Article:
Montreal, Quebec, Canada
|Oh, Canada – A Lament (2007 - 2011)|
Joanne Tod (R.C.A.) (born 1953 in Montreal, Quebec, Canada) is a Canadian contemporary artist and lecturer whose paintings are included in the permanent collections of the National Gallery of Canada, the Art Gallery of Ontario in Toronto and the Musée des beaux-arts de Montréal.: 465
Shortly after graduating from the Ontario College of Art (now OCAD University), Tod was included in the exhibition YYZ Monumenta in 1982, an exhibition that spread over six spaces in Toronto's Queen Street West neighbourhood: A.R.C., Gallery 76, Grunwald Gallery, Mercer Union, Studio 620, and YYZ Artists' Outlet. This exhibition became a pivotal moment for the young painter's career, launching her "from relative obscurity of the Queen Street West artist-run centres into considerable national attention."
Tod is among a group of artists working in Toronto in the late 1970s and early 1980s in the Queen Street West neighbourhood, where Canadian artists across the country migrated, creating an energetic art community in the city. She has become known for her figurative paintings from photographs, using irony to challenge stereotypes, expose vulnerabilities and unsettle assumptions about women, race and social status.: 226 Her technical range as a painter was acknowledged early in her career and she uses her skill to surprise viewers by juxtaposing incongruous objects with well-executed representational images.
In his review of Tod's 2000 exhibition entitled "The Republic of Private" at Toronto's Sable-Castelli Gallery, The Globe and Mail art critic Gary Michael Dault described Tod's paintings as "dizzying realism" with "high sensuous, mative brushwork that abstracts its subject at the very same time as it nails it down." Dault calls Tod a virtuoso, with meticulously detailed enigmatic paintings that are "lushly crafted." But the paintings are at times unexpectedly wry, with subtle jokes and puzzles. In her series entitled "Oh, Canada — a Lament" (2007 - 2011) Tod painted 121 small portraits of Canadians who died in Afghanistan. The Walrus published the series as a visual essay in 2011. Tod, who has worked in collaboration with the Gardiner Museum for years and was familiar with their historical ceramics collection, decorated a series of plates featuring contemporary figures and themes from popular culture while using visual references to the historical works. In the exhibition entitled "Invited Invasion," her ceramics were interspersed with the historical collection, hiding objects in plain sight and challenging ways of seeing in the traditional museum setting. As a feminist she drew attention to the fact that historically, women were not the producers of the ceramics themselves; they were only allowed to decorate them.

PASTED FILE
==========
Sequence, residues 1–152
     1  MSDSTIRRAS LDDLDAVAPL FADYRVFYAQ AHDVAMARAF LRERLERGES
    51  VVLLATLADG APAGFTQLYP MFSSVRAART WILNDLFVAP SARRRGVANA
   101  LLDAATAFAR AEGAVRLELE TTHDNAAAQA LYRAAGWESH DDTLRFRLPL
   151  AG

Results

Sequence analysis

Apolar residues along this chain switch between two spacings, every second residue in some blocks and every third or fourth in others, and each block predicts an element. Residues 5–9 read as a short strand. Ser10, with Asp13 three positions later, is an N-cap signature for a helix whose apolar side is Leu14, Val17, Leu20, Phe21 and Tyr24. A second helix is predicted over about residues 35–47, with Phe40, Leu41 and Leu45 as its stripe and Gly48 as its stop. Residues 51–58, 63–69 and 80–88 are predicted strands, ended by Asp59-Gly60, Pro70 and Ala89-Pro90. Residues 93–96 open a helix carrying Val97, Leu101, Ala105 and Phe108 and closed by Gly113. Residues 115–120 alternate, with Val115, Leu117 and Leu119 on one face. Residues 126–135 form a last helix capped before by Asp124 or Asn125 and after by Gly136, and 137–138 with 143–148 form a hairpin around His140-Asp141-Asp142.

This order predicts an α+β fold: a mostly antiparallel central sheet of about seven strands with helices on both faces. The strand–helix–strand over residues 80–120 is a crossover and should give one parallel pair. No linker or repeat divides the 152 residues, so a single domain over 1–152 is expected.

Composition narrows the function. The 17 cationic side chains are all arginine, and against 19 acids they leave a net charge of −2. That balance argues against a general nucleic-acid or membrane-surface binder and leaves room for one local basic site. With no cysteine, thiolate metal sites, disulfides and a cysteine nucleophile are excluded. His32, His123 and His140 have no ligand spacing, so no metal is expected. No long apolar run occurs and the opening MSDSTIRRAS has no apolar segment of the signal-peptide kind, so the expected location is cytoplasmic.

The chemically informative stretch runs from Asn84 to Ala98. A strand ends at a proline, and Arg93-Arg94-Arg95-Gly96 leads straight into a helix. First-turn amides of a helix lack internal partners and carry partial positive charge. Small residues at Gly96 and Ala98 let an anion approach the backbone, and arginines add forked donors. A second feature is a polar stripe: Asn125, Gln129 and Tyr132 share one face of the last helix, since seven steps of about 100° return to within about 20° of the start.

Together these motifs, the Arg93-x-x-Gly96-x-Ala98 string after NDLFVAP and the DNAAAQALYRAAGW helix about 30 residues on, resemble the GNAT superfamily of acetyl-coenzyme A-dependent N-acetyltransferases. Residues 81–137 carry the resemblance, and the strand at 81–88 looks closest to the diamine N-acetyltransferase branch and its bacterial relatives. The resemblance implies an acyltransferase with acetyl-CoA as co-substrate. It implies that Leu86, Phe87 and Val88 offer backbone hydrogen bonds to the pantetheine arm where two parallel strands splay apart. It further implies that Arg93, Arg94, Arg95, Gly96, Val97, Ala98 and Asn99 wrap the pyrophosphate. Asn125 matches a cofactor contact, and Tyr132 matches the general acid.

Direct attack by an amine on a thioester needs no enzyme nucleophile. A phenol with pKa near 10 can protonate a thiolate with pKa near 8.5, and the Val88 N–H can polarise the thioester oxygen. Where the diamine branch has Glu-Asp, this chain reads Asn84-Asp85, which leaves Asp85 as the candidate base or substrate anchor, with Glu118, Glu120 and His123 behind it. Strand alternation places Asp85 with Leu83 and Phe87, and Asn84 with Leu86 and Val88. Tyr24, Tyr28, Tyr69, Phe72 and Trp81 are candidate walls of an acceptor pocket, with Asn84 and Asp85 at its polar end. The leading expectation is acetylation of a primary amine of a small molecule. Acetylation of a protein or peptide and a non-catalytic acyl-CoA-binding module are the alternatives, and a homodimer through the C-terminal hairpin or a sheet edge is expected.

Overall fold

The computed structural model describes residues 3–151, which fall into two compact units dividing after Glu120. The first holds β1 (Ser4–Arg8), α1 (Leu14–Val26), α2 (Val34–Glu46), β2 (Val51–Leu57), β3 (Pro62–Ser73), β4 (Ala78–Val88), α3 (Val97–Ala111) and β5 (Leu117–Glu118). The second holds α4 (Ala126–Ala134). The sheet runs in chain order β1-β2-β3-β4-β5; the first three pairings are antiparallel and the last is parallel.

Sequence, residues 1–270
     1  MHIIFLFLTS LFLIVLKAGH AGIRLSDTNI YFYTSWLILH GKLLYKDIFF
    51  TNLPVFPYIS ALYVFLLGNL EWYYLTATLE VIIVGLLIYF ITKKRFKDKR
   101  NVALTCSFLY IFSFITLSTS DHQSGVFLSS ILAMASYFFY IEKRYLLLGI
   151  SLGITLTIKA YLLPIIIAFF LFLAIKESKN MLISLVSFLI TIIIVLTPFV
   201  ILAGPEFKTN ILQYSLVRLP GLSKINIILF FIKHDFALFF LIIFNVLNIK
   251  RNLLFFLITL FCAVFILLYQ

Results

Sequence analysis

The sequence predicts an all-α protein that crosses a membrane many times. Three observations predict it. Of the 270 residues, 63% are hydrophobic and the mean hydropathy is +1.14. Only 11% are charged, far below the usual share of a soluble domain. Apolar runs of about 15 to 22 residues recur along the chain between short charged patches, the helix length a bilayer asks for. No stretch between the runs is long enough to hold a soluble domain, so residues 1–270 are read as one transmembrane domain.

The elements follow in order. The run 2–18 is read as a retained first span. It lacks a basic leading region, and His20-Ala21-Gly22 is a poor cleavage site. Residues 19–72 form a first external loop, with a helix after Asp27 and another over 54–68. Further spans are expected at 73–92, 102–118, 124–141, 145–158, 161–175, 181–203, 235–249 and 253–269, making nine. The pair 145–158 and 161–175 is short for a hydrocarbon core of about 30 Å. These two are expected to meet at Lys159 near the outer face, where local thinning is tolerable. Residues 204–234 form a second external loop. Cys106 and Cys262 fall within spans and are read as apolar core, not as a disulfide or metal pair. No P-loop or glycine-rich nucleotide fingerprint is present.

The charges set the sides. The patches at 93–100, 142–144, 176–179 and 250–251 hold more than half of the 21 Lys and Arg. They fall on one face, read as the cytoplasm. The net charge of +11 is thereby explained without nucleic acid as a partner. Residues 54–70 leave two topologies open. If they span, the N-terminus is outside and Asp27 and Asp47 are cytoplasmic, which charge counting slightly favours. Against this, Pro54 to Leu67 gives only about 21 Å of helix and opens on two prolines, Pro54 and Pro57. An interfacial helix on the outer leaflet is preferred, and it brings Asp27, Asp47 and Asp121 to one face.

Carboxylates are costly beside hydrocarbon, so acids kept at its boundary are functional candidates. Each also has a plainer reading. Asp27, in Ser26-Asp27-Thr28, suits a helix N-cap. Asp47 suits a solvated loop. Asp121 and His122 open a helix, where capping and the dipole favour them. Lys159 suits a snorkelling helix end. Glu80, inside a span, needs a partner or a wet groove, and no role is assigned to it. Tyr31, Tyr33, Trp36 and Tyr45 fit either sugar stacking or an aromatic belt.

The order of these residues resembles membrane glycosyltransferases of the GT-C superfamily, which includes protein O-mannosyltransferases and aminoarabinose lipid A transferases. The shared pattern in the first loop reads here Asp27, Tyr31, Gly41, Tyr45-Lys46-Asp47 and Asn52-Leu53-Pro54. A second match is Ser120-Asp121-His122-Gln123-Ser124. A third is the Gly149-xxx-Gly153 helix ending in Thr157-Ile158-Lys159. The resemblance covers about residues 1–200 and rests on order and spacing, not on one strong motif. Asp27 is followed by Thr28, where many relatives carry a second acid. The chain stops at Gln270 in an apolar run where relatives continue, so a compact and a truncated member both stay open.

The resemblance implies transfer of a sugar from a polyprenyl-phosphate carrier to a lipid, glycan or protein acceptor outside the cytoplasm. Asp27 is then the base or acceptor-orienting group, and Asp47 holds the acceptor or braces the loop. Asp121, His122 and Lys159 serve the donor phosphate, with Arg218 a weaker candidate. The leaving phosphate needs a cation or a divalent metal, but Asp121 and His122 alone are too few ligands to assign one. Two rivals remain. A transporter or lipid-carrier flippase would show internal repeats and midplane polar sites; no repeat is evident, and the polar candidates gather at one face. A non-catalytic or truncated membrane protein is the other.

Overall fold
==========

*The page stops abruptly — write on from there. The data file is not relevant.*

Canada Council Project Grant, 2011
Canada Council Senior Artist Creation/Production Grant, 2000
Ontario Arts Council, Senior Artist Grant, Research/Production, 1993
Canada Council B Grant, 1983
Ontario Arts Council Project Grant, 1983